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Suggested Reading


Basic introduction to pharmacokinetics: credit to ASHP.org
Introduction to PK and PD
Basic PK

Excellent reading material for pharmacokinetics
Credit to Dr. Adam M. Persky at UNC-Chapel Hill
Foundations in Pharmacokinetics

History of Pharmacokinetics

Pharmacology Blog

Excel demo calculations for infusion, loading dose and multi dose

Derivation of drug plasma concentration as a function of time for infusion

The most commonly used PK analysis
Non-Compartmental Analysis (NCA)


Useful Tools


Free kinetics simulator. It can be used for chemical/enzymatic reactions and pharmacokinetics etc.

PK Solver
Free PK analysis Excel Add-on (PK analysis). Instructions to add PK Solver to Microsoft Excel 2016. Manual for PK Solver. Original Publication for PK Solver.

Comprehensive database for FDA-approved and experimental drugs


Volume of Distribution


Several Scenarios for Volume of Distribution


Plasma Compartment:
If a drug has a very large molecular weight or binds extensively to plasma proteins, it is too large to move out through the endothelial slit junctions of the capillaries and, thus, is effectively trapped within the plasma (vascular) compartment. As a consequence, the drug distributes in a volume (the plasma) that is about 3 L of body fluid in a 75-kg individual. Heparin shows this type of distribution.
If a drug has a Vd of 3 L, drug is mostly in the plasma.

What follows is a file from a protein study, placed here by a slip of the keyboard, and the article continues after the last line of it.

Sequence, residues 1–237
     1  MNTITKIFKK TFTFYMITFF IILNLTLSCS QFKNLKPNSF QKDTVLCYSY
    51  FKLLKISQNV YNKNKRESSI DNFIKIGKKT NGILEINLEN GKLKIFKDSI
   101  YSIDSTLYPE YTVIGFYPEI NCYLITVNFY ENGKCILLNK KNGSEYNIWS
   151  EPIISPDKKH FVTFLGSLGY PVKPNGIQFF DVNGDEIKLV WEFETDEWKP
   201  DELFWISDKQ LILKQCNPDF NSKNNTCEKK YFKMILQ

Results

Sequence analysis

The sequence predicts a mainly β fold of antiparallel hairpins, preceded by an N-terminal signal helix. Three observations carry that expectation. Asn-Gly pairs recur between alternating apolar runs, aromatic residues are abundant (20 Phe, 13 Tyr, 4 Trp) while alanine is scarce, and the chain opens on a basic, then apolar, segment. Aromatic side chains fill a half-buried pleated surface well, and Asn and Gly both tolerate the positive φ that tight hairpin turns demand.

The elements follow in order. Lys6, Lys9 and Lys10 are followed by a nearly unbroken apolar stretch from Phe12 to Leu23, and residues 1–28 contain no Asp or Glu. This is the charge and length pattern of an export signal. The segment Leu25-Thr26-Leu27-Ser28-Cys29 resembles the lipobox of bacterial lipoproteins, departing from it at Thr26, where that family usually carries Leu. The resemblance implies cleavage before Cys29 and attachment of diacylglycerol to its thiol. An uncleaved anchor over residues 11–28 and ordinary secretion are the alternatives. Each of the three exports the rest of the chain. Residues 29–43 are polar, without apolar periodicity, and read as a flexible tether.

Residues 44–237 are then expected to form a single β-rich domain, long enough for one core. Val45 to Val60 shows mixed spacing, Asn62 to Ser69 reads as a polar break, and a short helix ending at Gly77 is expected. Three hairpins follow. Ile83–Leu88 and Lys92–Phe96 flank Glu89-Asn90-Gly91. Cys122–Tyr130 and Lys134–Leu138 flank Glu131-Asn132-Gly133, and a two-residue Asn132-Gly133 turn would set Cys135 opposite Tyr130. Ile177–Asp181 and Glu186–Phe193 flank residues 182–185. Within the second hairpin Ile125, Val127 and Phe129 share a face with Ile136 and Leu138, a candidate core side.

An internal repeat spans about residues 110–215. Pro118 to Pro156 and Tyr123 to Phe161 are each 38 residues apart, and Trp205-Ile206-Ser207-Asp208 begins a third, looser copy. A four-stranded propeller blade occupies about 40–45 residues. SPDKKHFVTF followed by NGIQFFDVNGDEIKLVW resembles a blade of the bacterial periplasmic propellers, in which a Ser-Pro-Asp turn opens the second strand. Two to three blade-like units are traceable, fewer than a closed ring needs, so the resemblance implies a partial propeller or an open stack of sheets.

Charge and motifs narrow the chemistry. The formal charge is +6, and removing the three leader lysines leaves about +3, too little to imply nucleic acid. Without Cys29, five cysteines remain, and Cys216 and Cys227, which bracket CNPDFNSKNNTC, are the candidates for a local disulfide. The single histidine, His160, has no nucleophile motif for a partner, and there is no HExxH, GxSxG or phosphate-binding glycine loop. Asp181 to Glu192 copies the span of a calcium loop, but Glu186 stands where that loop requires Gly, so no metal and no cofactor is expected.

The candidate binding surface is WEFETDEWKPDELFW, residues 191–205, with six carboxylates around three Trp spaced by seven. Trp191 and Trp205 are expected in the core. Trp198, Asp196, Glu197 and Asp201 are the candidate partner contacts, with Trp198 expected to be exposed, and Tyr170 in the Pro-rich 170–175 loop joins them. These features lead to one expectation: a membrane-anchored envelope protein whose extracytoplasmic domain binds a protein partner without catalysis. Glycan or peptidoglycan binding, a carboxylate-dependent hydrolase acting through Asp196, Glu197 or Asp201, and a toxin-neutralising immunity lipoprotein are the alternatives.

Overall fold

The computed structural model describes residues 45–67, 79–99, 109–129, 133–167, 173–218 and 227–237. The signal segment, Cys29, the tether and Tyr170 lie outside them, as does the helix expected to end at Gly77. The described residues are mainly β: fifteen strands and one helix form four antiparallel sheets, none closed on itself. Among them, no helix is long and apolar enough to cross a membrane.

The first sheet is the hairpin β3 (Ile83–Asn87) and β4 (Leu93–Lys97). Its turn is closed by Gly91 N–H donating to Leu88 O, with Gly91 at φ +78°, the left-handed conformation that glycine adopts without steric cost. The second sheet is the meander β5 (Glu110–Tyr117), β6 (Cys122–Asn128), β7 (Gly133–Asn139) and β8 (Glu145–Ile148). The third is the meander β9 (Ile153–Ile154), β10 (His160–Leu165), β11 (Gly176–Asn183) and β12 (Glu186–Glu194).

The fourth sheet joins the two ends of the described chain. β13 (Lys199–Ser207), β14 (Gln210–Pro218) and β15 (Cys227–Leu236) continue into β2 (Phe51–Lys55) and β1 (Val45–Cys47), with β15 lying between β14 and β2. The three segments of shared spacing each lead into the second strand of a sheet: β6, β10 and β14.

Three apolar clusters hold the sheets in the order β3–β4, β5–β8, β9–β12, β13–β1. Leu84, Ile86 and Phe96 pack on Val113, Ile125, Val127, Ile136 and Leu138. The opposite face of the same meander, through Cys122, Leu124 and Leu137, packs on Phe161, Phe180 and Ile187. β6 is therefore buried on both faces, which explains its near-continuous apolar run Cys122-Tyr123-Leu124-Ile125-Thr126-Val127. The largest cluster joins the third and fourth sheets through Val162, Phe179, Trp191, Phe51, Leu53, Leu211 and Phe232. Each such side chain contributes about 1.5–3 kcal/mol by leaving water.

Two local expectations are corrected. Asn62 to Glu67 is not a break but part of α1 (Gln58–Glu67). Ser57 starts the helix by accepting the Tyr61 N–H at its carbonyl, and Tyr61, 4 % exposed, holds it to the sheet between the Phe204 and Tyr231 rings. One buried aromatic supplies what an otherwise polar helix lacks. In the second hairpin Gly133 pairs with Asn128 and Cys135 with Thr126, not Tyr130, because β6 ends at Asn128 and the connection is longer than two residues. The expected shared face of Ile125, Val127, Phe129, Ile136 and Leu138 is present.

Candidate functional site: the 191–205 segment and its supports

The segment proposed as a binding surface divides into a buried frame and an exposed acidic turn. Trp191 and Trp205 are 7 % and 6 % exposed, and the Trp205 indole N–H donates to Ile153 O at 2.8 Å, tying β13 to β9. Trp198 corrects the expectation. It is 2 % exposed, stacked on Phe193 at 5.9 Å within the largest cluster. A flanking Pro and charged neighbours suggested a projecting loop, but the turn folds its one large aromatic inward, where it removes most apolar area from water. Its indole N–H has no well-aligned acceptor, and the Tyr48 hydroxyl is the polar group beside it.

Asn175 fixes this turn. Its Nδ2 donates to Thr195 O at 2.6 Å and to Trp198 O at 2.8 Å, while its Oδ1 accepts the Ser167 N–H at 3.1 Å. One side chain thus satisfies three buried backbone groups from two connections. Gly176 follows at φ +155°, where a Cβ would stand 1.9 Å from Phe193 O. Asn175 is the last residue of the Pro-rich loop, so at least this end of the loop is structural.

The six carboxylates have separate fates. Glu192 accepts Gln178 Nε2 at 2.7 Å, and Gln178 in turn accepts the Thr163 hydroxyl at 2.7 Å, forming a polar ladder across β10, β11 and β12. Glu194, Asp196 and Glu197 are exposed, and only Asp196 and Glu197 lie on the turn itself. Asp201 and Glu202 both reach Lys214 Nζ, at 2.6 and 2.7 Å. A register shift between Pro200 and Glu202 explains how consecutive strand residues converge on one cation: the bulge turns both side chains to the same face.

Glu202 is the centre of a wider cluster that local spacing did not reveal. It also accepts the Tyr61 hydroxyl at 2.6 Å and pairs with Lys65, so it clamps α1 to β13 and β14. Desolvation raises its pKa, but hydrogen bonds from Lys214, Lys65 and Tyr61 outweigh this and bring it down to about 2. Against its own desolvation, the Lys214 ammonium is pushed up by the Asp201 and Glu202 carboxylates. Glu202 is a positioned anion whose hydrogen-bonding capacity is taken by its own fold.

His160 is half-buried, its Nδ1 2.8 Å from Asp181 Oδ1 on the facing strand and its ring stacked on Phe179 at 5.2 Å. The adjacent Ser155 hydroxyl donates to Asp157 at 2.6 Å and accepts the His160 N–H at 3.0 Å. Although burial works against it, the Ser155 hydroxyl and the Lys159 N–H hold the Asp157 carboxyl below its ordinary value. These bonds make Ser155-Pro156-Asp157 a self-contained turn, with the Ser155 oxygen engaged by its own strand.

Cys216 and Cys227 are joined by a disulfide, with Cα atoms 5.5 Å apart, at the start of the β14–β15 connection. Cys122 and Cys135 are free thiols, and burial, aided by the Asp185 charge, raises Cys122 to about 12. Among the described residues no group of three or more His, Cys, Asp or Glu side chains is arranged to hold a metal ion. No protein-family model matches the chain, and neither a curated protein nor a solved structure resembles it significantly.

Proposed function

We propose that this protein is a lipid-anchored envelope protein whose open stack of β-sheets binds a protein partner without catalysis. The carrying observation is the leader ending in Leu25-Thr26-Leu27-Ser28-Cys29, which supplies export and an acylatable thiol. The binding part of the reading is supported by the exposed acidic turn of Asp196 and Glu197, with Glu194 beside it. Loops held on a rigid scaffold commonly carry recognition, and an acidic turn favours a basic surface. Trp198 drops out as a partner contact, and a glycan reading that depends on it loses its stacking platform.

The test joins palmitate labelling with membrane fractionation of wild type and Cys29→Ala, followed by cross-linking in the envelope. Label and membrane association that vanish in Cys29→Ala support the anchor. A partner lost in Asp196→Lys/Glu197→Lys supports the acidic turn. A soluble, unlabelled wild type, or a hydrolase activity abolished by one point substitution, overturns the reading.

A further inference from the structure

Explanation: Plasma water is approximately 3 L.

Extracellular Fluid:
If a drug has a low molecular weight but is hydrophilic, it can move through the endothelial slit junctions of the capillaries into the interstitial fluid. However, hydrophilic drugs cannot move across the lipid membranes of cells to enter the water phase inside the cell. Therefore, these drugs distribute into a volume that is the sum of the plasma water and the interstitial fluid, which together constitute the extracellular fluid. This is about twenty percent of the body weight, or about 18 L in a 75-kg individual. Aminoglycoside antibiotics show this type of distribution.

Total Body Water:
If a drug has a low molecular weight and is hydrophobic, not only can it move into the interstitium through the slit junctions, but it can also move through the cell membranes into the intracellular fluid. The drug, therefore, distributes into a volume of about sixty percent of body weight, or about 40 L in a 75-kg individual. Ethanol exhibits this apparent volume of distribution.
If a drug has Vd of ~40 L, drug is evenly distributed throughout the body.
Explanation: Total body water is approximately 40 L.

Other Sites:
In pregnancy, the fetus may take up drugs and thus increase the volume of distribution. Drugs that are extremely lipid-soluble, such as thiopental , may also have unusually high volumes of distribution.
If tissue binding exceeds plasma protein binding, Vd will be large (> 40L).
Explanation: Volume of distribution indicates whether drug resides primarily in the plasma or outside the plasma. Large volumes mean that drug has partitioned into tissue and thus, is outside of the plasma space.

If a drug is unable to cross membranes, Vd cannot be larger than the extracellular space.
Explanation: Again volume of distribution tells you where drug resides, in plasma or outside of plasma. If a drug cannot pass through membranes, it will remain outside of cells.

If plasma binding is stronger than tissue binding, Vd will be smaller than 40 L.
Explanation: Once again, volume of distribution indicates where the drug primarily resides, in plasma or outside of plasma. Small volumes mean that drug is sequestered in the blood and has not penetrated into tissue space.

Credit to this Pharmacology Blog